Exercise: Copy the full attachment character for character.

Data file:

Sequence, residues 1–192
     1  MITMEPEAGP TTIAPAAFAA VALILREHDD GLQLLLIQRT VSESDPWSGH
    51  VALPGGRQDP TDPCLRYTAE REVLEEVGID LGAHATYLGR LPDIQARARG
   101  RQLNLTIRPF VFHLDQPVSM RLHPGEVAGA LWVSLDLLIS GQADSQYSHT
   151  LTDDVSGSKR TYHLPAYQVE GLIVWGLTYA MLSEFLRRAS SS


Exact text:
Sequence, residues 1–192
     1  MITMEPEAGP TTIAPAAFAA VALILREHDD GLQLLLIQRT VSESDPWSGH
    51  VALPGGRQDP TDPCLRYTAE REVLEEVGID LGAHATYLGR LPDIQARARG
   101  RQLNLTIRPF VFHLDQPVSM RLHPGEVAGA LWVSLDLLIS GQADSQYSHT
   151  LTDDVSGSKR TYHLPAYQVE GLIVWGLTYA MLSEFLRRAS SS